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Old 10-19-2021, 08:56 PM   #1
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8.1L exhaust manifold bolt advice

Guys,
Paid a ton of $$ a few years back to have the passenger side exhaust manifold worked on... broken bolts/slight warp/etc.
Now the driver's side exhaust manifold has at least 1 broken bolt (#1 at the front) and probably need to be pulled and the exhaust gasket replaced. My local 'regular' garage guys helped me find this the other day, but can't fit my coach in their bays. I have a call into a shop they referred me to, just waiting for their response.

I believe that I overpaid for the work that was done earlier, so wanted to check with others who may have had this done.

What I believe will need to happen is pull the manifold (hoping #1 bolt is the only real issue)...then have they get the broken stud out...maybe go replace all the other studs... check the manifold for any warping...put in a new gasket and donut and reinstall...

(again, this is probably the best case scenario and I hope they don't have to pull the head to do any additional work...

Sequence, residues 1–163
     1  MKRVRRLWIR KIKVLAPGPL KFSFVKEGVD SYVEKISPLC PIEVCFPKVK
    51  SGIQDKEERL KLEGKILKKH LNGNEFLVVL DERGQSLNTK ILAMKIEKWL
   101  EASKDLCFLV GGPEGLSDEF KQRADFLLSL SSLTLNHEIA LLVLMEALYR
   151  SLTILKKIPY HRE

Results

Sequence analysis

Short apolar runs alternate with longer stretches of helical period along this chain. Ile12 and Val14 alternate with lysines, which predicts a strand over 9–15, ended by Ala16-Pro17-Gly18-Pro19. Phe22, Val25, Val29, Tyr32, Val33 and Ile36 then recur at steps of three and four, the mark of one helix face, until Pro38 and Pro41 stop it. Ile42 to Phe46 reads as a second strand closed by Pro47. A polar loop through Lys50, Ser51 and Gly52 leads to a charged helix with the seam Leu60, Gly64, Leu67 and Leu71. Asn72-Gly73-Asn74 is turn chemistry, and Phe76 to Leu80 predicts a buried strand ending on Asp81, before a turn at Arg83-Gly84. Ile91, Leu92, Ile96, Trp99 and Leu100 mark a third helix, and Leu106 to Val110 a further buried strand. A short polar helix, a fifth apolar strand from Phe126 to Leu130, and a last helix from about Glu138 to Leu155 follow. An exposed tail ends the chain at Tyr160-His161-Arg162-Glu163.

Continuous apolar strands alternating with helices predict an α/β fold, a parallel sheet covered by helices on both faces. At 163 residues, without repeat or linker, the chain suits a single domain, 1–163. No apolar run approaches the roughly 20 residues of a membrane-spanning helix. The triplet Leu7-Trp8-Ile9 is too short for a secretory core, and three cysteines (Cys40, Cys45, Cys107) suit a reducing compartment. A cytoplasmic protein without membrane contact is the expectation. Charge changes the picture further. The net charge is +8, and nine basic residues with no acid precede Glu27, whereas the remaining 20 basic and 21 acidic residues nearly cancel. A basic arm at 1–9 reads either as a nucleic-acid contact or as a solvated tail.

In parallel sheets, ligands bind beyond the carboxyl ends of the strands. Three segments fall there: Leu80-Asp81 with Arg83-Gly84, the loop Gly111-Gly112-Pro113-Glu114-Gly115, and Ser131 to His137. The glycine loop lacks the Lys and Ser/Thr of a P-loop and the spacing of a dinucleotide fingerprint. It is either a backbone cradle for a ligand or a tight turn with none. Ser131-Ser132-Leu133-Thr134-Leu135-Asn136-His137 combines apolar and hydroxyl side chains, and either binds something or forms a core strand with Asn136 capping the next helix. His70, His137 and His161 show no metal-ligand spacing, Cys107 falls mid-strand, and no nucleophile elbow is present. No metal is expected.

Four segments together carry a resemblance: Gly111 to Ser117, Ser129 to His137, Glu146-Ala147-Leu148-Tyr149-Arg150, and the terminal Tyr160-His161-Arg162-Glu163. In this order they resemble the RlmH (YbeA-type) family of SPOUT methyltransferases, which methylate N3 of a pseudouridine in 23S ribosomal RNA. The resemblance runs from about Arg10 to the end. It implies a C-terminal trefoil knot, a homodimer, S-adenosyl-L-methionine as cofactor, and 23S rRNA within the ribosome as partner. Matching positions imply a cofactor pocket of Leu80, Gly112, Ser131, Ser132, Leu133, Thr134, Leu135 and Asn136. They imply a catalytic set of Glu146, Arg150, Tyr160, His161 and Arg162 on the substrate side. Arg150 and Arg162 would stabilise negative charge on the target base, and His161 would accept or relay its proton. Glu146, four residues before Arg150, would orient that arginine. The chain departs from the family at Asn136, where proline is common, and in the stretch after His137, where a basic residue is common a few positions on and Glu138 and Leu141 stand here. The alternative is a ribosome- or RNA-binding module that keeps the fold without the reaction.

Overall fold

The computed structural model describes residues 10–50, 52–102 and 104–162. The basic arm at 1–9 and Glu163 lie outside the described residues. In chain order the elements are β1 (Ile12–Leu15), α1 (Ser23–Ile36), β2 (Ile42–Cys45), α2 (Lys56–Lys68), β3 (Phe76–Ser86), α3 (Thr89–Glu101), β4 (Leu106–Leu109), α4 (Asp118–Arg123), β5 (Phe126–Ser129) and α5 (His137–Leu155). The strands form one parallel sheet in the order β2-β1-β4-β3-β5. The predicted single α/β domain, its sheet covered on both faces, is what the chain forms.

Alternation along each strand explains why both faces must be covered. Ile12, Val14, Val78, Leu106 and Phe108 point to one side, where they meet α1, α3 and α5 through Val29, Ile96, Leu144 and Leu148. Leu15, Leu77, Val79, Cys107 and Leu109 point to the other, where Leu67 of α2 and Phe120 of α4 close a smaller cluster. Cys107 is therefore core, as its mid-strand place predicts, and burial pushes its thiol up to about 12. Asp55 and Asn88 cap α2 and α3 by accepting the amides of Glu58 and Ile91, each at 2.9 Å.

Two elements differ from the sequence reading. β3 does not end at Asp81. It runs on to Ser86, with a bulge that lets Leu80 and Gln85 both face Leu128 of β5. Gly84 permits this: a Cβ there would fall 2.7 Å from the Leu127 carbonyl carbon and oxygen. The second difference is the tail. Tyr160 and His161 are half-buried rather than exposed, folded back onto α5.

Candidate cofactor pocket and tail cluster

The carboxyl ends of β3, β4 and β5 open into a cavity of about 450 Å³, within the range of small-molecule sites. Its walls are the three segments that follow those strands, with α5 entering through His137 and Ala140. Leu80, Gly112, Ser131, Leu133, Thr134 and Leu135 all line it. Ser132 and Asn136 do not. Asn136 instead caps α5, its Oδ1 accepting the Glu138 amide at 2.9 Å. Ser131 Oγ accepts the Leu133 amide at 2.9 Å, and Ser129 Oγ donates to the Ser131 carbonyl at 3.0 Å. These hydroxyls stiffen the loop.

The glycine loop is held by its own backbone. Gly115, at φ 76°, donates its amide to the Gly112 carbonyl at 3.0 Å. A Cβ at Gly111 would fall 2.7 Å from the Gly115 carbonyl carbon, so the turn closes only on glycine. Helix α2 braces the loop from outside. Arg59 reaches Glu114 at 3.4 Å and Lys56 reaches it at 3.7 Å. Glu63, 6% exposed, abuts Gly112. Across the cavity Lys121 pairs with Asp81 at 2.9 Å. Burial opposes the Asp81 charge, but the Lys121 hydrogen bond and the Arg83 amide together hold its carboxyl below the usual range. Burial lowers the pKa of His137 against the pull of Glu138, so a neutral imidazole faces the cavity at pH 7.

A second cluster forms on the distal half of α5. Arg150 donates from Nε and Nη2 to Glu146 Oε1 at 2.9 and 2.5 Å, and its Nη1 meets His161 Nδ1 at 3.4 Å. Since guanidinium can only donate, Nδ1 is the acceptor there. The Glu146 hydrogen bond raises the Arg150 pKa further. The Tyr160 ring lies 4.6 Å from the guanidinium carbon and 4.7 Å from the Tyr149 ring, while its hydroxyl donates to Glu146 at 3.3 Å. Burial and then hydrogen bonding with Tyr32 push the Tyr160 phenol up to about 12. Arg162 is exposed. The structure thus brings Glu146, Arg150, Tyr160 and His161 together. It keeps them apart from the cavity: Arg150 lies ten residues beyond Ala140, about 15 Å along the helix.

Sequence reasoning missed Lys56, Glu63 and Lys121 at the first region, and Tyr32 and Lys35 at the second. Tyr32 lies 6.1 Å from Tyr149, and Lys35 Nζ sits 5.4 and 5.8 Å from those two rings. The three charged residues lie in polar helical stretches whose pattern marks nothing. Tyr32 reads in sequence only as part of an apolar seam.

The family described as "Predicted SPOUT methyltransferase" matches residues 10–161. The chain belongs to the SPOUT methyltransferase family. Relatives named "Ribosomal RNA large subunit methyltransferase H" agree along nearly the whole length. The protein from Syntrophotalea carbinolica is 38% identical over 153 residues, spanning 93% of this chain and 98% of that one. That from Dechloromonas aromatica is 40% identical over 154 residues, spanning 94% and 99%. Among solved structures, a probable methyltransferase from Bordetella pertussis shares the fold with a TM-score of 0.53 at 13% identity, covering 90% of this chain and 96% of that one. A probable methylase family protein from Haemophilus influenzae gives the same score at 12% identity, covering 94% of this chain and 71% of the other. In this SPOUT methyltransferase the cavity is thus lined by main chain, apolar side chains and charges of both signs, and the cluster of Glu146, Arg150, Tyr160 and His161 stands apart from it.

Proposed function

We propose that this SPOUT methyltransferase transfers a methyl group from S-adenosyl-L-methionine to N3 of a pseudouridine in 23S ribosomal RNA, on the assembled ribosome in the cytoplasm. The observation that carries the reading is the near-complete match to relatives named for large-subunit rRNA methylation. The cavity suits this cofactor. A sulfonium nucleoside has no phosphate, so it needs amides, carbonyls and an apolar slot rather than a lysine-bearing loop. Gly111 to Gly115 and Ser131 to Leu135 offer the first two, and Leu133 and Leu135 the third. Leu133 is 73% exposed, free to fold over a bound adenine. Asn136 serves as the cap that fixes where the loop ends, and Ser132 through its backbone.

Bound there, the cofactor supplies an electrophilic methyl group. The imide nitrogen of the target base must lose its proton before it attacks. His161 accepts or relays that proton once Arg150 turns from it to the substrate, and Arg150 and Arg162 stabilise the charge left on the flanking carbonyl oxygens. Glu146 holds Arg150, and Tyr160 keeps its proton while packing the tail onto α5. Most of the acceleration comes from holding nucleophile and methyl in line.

Thanks for constructive input....
Larry
2002 Bounder 33-R
Workhorse 8.1L V-8... 53K miles...
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Old 10-19-2021, 09:10 PM   #2
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Regardless of what needs to be done I would try and get SS studs/bolts and a solid copper gasket if you can. The SS fasteners won't rust and the copper gasket is reusable if you anneal it. I have no idea if either one is available but it would be worth checking out in my opinion. Good luck.
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Old 10-19-2021, 09:23 PM   #3
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Watching this topic. I know I have at least one broken exhaust manifold bolt. Guessing their is more after I get a closer look. After reading on this problem, it appears to be a slow and tedious job trying to get the old broken stud out without messing things up. My body doesn't contort well these days, Darn It. I'll be watching.
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Old 10-19-2021, 09:53 PM   #4
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Go to a muffler shop in your area and inquire as to cost removal. Stay away from national chain stores and you might get lucky and find a independent with experience. The job is not a tough one if one has the tools and experience. Many are lacking real experience.
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Old 10-19-2021, 11:00 PM   #5
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they used the rappiest bolts.most of em i have seen they just pop the heads off the bolt,once the manifold is off there is a little bolt left to get a visegrip on to work out.